'Customising services – the only way forward'

By: Ruza Zivkusic-Aftasi


Amanda OBrien Xtreme Freight CEO Amanda O’Brien Amanda OBrien
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From being under liquidation less than a decade ago, Xtreme Freight has had a challenging road to success

 

Amanda O’Brien has had her fair share of challenges since taking over the privately-run business established in 1988.

Having spent the first 18 months on turning business around, the global company continues to grow, servicing the transport, logistics and warehousing sector.

Perhaps the biggest challenge for O’Brien has been breaking down unconscious biases, proving to the male-dominated industry that women too can do the job, if not better.

The company was under liquidation when O’Brien stepped in but she had no doubt she could turn it around having worked for big corporate companies for 20 years in project management and statistical analysis.

"It was becoming non-profitable, the challenges with turning the business around as well as getting it back on track were huge," O’Brien says.

"It was very small, probably only turning around over $700,000 and was going backwards."

Fast forward eight years and the company has 84 customers and 20 employees across its three depots in Melbourne.

With 80 subcontractors on its books, its owned fleet consists of four trucks – down from 10 due to maintenance costs.

Xtreme Freight grew into 3PL services when O’Brien took on smaller contracts, staying true to the company’s motto of "We never say no to our customers", big or small.

Its warehouses facilitate bulk storage, racked freight, pick and pack and container deconsolidation.

The last leg

Xtreme Freight is the last piece of the logistics puzzle and can handle most demanding jobs thanks to its experienced staff.

It stays innovative by looking at overseas trends and jobs in the most uncommon places such as moving high-end fashion for Melbourne’s shopping complex Emporium.

"I think I approach transport very differently because I know it touches every area," O’Brien says.

"I don’t necessarily look for transport in the common places or go to freight forwarders… because I know that freight touches everyone so it’s a case of looking for ways to improve people’s lives like going to people that deliver bathrooms or lights.

"You can have your big global forwarders that we do lots of business with but you also have to have a good mix of that pie to have a very good split in business."

That’s why she believes the industry is big enough for everyone.

What sets Xtreme Freight apart is its ability to customise solutions to each client’s needs.

O’Brien incorporates clients’ branding to its consignments as most customers want to be known as the complete end-to-end provider.

"It’s the way I see freight moving; it has to be transparent but it also has to be about the customer," O’Brien says.

"The reason we have survived is because people are very ego-driven, they’re about themselves, it’s the nature of the beast and organisations are about their image and themselves.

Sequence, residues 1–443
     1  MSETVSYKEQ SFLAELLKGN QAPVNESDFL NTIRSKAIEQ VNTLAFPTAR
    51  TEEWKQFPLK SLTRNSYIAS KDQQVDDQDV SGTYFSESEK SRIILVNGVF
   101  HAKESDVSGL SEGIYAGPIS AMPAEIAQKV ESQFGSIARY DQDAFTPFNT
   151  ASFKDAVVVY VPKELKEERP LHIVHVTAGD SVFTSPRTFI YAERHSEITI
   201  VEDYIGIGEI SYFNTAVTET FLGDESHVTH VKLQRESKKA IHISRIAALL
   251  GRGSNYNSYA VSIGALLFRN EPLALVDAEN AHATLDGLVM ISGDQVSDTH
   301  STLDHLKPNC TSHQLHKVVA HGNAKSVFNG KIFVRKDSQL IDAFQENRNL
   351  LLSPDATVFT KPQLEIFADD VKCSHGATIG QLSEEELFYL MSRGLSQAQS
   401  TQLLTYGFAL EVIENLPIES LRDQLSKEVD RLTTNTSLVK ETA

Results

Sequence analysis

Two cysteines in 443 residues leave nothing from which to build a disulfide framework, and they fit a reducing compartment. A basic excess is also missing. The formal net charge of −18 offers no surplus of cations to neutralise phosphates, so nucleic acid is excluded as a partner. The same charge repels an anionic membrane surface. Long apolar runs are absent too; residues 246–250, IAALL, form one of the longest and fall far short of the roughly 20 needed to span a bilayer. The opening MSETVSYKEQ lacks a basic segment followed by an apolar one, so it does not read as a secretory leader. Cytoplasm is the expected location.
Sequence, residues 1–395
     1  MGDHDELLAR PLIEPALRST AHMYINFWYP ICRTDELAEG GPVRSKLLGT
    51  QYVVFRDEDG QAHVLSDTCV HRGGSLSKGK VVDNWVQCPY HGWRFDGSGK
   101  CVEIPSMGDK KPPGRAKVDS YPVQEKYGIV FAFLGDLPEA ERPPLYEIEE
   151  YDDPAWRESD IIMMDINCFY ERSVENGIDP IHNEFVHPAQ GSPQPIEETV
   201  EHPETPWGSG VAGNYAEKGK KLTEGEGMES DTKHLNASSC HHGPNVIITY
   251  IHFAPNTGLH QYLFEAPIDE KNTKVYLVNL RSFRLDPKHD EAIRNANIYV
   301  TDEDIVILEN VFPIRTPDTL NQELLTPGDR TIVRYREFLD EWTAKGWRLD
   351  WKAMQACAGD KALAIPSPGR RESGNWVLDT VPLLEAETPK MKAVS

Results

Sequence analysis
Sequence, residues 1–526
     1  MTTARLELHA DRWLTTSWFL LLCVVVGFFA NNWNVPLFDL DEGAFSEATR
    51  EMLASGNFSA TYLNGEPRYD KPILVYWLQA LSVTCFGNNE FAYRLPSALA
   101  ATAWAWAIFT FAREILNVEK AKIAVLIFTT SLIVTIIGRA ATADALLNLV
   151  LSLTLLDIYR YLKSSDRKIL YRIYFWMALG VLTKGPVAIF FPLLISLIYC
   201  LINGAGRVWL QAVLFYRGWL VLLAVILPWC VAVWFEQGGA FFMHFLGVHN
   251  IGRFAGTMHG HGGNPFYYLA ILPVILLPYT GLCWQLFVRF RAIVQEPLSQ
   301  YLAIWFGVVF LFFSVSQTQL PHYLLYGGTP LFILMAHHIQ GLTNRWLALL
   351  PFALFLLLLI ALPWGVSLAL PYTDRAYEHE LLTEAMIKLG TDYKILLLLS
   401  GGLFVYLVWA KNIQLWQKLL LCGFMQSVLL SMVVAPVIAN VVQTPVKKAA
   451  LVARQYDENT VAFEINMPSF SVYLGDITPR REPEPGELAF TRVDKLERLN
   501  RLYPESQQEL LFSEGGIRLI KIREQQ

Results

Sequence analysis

"From a personal point of view, I think profitability in a business is more important than any of the glamour of perception.

"We don’t necessarily advertise our brand as much as the other players in the market do because we want to blend in with our consumer and client," she adds.

"We are like a chameleon; we infiltrate the market in many different areas but we also stay hidden because we become seamless as everybody has their own set of processes, their own culture.

"Every driver is not going to fit in to David Jones or Myer, so you need to fit a certain type and I think that’s where our innovation comes from."

Even though the company is big, it is often perceived to be small because of its limited branding, she adds.

 "I’m very guarded and confidential when it comes to my clients and their needs, so I’m always out there but you may not perceive us to be those people and that’s why I’ve survived and thrived in this very difficult industry."

A competitive market

The transport industry has seen its fair share of acquisitions over the last two years, creating an even more competitive market.

As a result, Xtreme Freight has learned to become flexible.

"We have to be more transparent in business transactions and deliveries, everything is seen now," O’Brien says.

"I think it’s because of security; it’s one of the big issues in the world we face and freight is a very important part of that.

"People want to be able to measure it, and I always say if you can’t measure it you can’t manage it.

"There’s such an impetus for transport to take on all these costs with the way the world is changing, however, transport costs haven’t risen very much and we have to absorb those costs and move with the regulation and compliance required," she adds.

"Acquisitions have become second nature in the logistics industry because it’s about survival.

"Customers and consumers are fickle these days and everybody will turn on a dime because everybody is so cost-conscious.

"Loyalty is slowly becoming more tied up with profit gain which unfortunately sometimes drops service levels."

The company provides online tracking of its vehicles and real-time event information, including sign-on glass and instant proof of delivery (POD) retrieval.

 

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